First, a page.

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Sens. Cruz, Cornyn Op-Ed in San Antonio Express-News: Taking Texas reform to the federal level

January 21, 2019

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WASHINGTON, D.C. – U.S. Sens. Ted Cruz (R-Texas) and John Cornyn (R-Texas) penned the following op-ed for the San Antonio Express-News highlighting the recently enacted First Step Act and its roots in Texas’ successful criminal justice reform policies.

“Just as we saw in Texas, the First Step Act will expand evidence-based drug treatment, education and faith-based programs to rehabilitate individuals who are serving their sentences,” the senators wrote. “As an incentive to complete these programs, certain nonviolent offenders will be eligible to earn time credits that will not shorten their sentences, but allow them to be completed in less restrictive custody, such as a halfway house or home confinement. Not only is this beneficial to the individual, it also equates to savings for taxpayers.”

Taking Texas reform to the federal level
San Antonio Express News
January 17, 2019
By: Sens. Ted Cruz and John Cornyn

A little more than a decade ago, Texas prisons were bursting at the seams, a problem only exacerbated by the fact that the majority of those released from prison eventually returned. The Legislative Budget Board in Austin estimated that in the next five years, Texas would need as many as 17,000 additional beds to house the growing prison population.

In no uncertain terms, then-House Speaker Tom Craddick told then-chairman of the House Corrections Committee Jerry Madden, “Don’t build new prisons; they cost too much.”

State legislators listened and, under the leadership of then-Gov. Rick Perry, began consulting with experts to find the root of this pervasive problem and come up with solutions. The result was an innovative bill that invested $241 million in treatment programs within prisons with the goal of reducing recidivism: that is, to stop the revolving door and make sure people who get out of prison stay out of prison. Additional resources were provided for things such as drug treatment programs, education and job training for offenders. The bill also expanded halfway houses as a prison alternative and reduced the caseload of parole officers to allow for closer supervision.

In short: Texas didn’t stop being tough on crime, we just started being smart on crime, too, and the results could not be disputed. Both incarceration and crime rates dropped by double digits. Not only did this prevent the state from having to build new prisons to house additional inmates, it allowed us to close eight prisons and led to more than $3 billion in taxpayer savings. Other states were quick to notice, and we began to see similar reforms moving through legislatures in Georgia, North Carolina and other states. Despite the positive impact in Texas and other states, efforts to replicate these changes at the federal level were slow-moving.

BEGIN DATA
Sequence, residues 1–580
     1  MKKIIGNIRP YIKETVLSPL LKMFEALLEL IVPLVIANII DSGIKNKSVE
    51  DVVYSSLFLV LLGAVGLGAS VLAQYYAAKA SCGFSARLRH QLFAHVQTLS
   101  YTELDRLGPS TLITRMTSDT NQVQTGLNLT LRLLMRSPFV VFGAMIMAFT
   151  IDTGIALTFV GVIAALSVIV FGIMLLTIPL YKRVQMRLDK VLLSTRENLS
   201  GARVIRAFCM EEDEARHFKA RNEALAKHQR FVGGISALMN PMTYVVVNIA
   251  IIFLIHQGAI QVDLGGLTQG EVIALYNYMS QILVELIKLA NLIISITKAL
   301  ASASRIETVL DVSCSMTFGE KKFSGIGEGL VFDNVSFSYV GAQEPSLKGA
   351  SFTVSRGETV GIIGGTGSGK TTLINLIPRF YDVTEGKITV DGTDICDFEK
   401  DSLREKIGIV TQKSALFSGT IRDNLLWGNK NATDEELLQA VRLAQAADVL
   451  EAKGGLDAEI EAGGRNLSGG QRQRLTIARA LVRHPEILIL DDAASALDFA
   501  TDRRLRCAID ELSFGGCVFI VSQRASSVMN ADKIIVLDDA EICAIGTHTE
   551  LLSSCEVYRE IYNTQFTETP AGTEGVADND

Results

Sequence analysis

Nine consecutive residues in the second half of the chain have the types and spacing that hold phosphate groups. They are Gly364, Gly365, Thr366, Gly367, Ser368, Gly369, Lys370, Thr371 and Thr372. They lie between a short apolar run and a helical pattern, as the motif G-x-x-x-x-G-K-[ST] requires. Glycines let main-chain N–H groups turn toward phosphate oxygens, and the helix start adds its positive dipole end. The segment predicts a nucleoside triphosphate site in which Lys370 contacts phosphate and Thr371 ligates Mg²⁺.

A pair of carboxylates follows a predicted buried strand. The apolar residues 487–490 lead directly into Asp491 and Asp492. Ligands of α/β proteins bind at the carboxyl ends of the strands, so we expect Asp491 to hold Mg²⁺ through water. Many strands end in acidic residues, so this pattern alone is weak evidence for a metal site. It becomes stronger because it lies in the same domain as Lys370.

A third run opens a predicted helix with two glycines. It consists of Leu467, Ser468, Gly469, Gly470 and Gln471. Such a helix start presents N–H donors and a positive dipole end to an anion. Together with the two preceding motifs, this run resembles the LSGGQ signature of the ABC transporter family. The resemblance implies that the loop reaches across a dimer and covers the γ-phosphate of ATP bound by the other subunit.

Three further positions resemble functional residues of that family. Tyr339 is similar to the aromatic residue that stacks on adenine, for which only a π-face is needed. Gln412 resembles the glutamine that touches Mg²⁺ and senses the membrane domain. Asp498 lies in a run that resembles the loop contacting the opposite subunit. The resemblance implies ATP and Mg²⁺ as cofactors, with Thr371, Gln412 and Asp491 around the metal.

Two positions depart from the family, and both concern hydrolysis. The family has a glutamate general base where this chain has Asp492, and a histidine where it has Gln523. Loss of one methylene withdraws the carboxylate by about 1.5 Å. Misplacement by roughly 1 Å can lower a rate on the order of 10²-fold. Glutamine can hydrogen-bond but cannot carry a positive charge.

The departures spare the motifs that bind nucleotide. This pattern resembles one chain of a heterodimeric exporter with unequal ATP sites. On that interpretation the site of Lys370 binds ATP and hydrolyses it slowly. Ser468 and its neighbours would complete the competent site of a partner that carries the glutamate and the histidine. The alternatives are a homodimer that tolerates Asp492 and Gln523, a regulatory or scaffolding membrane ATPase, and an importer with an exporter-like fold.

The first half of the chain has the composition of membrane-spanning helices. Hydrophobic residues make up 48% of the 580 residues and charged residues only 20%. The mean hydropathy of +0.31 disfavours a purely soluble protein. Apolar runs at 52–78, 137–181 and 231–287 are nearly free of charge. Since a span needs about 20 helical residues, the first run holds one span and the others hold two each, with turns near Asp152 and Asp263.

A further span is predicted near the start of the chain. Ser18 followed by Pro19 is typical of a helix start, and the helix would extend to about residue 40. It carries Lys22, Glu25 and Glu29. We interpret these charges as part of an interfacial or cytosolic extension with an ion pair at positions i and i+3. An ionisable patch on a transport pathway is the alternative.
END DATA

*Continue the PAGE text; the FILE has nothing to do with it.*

After years of attempting to take the Texas model nationwide, we were proud to fight for the First Step Act, which President Donald Trump signed into law last month. This law borrows from many of the changes implemented by Texas more than a decade ago and applies them to the roughly 180,000 federal prisoners. 

Just as we saw in Texas, the First Step Act will expand evidence-based drug treatment, education and faith-based programs to rehabilitate individuals who are serving their sentences. As an incentive to complete these programs, certain nonviolent offenders will be eligible to earn time credits that will not shorten their sentences, but allow them to be completed in less restrictive custody, such as a halfway house or home confinement. Not only is this beneficial to the individual, it also equates to savings for taxpayers.

We worked to ensure that violent criminals are not able to earn these credits and that a low-level offense alone is not enough to qualify. The person must also be deemed low-risk, meaning he or she isn’t likely to reoffend. That determination is made using a risk-assessment tool developed by the Department of Justice, and relies on the experienced law enforcement officers and wardens who work with these individuals every day. Put simply: It’s important to rehabilitate the men and women in prison, but not at a cost to public safety. 

The First Step Act also moderates mandatory minimum sentences for some crimes, including nonviolent drug offenses, which have disproportionately affected minorities. By providing judges greater discretion to make sure the penalty fits the offense, we can refocus taxpayer dollars on preventing violent crime and keeping communities safe. 

This legislation is an investment in the future of our country, and in the people who want to build better lives and earn second chances. We believe that prisons should serve as a place for rehabilitation, not just punishment. That serving time doesn’t have to mean wasting time. And that our criminal justice system can work for, not against, Texans. 

As the name of this legislation states, this will not fix every problem in our criminal justice system. This is the first step in building a smarter, more responsible federal prison system. We are proud to have supported this law and will continue working to bring smart reforms like those we’ve seen in Texas to the federal prison system.

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